By August, residents of coastal Newport were put on mandatory water curtailment due to low stream flows. That same month, the city of Yamhill, 30 miles southwest of Portland, enforced water use restrictions on pools and lawns when Turner Creek, its primary water source, dropped to significantly low levels.
The blow of late summer drought could have been lessened and perhaps avoided if the forests around those watersheds that provide drinking water had been kept intact, according to Casey Kulla, a state forests policy coordinator at the nonprofit conservation group Oregon Wild. State forestry leaders say Oregon law is focused more on regulating logging to protect drinking water quality, rather than quantity.
“The number of trees of a certain age on the landscape, and the amount of logging that’s done in a watershed, directly affects the timing of water coming out of the stream at the bottom of the watershed,” Kulla said. Kulla accompanied the Capital Chronicle on a plane tour sponsored by the Colorado-based nonprofit environmental organization LightHawk, over logged private forests, the Tillamook Forest and the Siuslaw National Forest to show the impact of clear-cutting.
A recent study by the U.S. Forest Service found that about 90% of people in the West are served by public drinking water systems that rely on water that originates in national forests and grasslands, sometimes transported hundreds of miles from points of origin to flow into taps. The federal researchers found “unequivocally” that forested land provides the cleanest, most stable water supply of any land type.
But when there isn’t a forest buffer of diverse and mature trees to store and direct melting snow and rain or keep it from evaporating, what’s moving comes down quickly, Kulla said, leaving little water available when it’s most needed at summer’s end. Younger trees planted to replace older cut trees suck up more water than older stands.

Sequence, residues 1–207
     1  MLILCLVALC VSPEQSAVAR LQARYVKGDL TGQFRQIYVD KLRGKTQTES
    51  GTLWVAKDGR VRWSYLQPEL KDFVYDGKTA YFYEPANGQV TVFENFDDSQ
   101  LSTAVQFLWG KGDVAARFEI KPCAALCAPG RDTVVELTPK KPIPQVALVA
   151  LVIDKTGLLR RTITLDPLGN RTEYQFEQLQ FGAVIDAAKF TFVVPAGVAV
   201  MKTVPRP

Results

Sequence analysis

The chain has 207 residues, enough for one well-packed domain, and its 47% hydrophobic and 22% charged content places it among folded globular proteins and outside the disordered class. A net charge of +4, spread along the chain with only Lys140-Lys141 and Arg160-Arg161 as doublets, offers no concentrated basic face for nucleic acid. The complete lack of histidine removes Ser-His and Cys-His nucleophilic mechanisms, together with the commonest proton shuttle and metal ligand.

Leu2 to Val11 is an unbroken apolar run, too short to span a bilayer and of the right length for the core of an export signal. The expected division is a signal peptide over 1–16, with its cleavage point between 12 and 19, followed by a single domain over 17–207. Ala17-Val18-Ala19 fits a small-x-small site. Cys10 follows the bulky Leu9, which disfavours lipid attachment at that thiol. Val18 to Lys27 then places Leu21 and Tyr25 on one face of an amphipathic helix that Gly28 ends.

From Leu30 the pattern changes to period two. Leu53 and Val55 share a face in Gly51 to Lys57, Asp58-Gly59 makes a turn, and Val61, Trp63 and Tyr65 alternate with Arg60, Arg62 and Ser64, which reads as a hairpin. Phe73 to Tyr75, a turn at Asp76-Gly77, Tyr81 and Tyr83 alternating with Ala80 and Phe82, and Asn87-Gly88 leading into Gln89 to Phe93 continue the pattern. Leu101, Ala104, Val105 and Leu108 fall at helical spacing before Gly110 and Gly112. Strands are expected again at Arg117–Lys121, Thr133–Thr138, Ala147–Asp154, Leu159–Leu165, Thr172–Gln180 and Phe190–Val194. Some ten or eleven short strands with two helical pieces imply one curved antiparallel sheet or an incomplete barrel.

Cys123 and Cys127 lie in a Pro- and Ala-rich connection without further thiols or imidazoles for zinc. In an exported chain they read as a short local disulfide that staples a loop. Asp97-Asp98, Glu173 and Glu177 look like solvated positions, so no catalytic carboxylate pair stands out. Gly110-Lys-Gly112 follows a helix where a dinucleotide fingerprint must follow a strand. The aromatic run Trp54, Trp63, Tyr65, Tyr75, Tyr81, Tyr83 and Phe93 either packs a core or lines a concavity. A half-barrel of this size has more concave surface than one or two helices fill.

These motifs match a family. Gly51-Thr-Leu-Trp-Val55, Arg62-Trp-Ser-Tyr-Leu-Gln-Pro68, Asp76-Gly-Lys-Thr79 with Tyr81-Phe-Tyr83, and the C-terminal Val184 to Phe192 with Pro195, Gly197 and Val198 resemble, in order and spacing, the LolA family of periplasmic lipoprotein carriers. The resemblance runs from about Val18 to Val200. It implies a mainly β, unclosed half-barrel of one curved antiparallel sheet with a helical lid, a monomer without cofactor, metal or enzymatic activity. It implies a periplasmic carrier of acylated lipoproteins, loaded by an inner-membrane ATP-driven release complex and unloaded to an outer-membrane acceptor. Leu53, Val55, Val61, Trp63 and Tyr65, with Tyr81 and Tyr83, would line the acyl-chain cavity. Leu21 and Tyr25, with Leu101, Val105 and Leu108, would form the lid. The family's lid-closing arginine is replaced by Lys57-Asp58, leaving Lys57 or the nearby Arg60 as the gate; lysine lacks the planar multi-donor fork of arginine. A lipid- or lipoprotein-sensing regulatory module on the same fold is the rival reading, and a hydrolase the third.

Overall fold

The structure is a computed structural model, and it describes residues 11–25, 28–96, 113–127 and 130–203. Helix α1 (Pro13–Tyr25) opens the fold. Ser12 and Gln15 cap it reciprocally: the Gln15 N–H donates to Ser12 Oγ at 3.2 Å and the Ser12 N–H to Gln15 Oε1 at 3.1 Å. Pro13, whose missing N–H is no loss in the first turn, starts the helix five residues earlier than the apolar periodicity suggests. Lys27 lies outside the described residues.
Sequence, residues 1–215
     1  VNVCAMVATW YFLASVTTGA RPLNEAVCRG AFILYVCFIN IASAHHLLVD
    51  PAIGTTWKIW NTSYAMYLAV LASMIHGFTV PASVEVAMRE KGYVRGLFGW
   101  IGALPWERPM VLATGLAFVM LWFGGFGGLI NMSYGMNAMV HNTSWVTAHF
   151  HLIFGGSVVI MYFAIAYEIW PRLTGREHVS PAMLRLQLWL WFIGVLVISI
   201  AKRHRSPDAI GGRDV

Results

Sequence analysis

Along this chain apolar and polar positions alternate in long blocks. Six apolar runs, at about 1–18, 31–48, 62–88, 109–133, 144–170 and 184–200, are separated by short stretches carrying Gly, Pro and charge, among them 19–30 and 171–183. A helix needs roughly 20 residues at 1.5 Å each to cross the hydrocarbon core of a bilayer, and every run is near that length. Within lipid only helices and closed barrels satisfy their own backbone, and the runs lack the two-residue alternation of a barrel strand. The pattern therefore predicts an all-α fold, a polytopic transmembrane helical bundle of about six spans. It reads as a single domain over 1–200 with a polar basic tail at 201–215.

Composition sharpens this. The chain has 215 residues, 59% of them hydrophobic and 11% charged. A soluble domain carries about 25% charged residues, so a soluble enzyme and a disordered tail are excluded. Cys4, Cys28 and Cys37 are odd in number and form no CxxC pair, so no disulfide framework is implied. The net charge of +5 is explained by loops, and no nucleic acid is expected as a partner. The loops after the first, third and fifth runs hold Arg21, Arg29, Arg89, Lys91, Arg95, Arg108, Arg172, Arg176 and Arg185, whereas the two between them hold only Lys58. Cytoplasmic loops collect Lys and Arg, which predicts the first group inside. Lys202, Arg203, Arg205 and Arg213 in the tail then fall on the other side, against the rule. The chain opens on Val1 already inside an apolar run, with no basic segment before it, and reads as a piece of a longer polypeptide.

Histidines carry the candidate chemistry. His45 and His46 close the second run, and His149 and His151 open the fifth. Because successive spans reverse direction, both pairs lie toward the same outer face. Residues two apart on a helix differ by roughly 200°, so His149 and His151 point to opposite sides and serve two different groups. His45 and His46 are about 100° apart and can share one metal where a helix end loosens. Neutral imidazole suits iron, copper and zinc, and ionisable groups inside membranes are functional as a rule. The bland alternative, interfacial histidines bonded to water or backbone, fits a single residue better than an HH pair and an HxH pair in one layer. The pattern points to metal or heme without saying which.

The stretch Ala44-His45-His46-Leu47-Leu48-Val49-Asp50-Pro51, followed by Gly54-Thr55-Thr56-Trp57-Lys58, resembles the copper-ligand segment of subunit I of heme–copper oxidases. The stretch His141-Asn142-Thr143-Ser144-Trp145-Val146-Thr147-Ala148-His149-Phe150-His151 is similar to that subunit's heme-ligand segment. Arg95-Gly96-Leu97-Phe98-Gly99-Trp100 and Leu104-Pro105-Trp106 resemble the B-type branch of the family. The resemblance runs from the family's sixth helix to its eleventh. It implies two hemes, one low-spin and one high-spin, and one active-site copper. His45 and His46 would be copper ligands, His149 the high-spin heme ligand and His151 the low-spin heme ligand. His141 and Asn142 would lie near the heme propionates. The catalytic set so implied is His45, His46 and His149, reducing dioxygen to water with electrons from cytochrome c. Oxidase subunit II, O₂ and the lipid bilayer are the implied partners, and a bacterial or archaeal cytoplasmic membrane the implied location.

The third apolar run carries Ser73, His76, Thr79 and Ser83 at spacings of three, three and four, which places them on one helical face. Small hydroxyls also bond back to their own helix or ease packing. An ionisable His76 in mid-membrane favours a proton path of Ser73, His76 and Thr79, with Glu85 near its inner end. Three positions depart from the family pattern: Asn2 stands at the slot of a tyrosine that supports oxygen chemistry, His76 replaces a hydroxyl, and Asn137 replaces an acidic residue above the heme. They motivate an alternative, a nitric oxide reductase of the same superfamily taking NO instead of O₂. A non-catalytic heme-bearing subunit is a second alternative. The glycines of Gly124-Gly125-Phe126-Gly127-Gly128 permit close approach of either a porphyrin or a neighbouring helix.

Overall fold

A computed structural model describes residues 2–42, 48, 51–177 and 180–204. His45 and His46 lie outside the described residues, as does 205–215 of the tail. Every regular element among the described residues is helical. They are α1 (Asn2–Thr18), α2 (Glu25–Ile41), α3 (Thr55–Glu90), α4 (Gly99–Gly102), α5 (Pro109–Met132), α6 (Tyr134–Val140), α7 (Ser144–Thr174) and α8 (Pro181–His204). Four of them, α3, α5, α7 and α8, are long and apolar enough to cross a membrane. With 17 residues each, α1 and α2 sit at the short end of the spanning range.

Oregon law allows clear-cutting on a maximum of 120 connecting acres with 300 feet of trees left between each cut. While clear-cutting is less frequent on forests managed by the U.S. Forest Service and Bureau of Land Management, the Oregon Department of Forestry and private forest owners continue to clear-cut large swaths of public and private land.
Mike Wilson, state forests division chief at the state forestry department, said most Oregon timber laws are focused on protecting water quality, not quantity because there isn’t a large body of established science on logging impacts to hydrology and the flow of water in various types of watersheds.
“So that’s currently the focus of a lot of different research, and a lot of modeling work that’s going on, and I expect that will evolve in the future,” he said. “But our focus to date has always been around water quality.”
Today, from above, many parts of the Tillamook State Forest appear to have gone through a bad buzz cut. Large swaths are exposed to the ground, with patches of green where tree stands have been replanted or, rarely, left entirely alone. Dotting the bald spots are slash piles where limbs, leaves and pine needles burn and send up columns of smoke.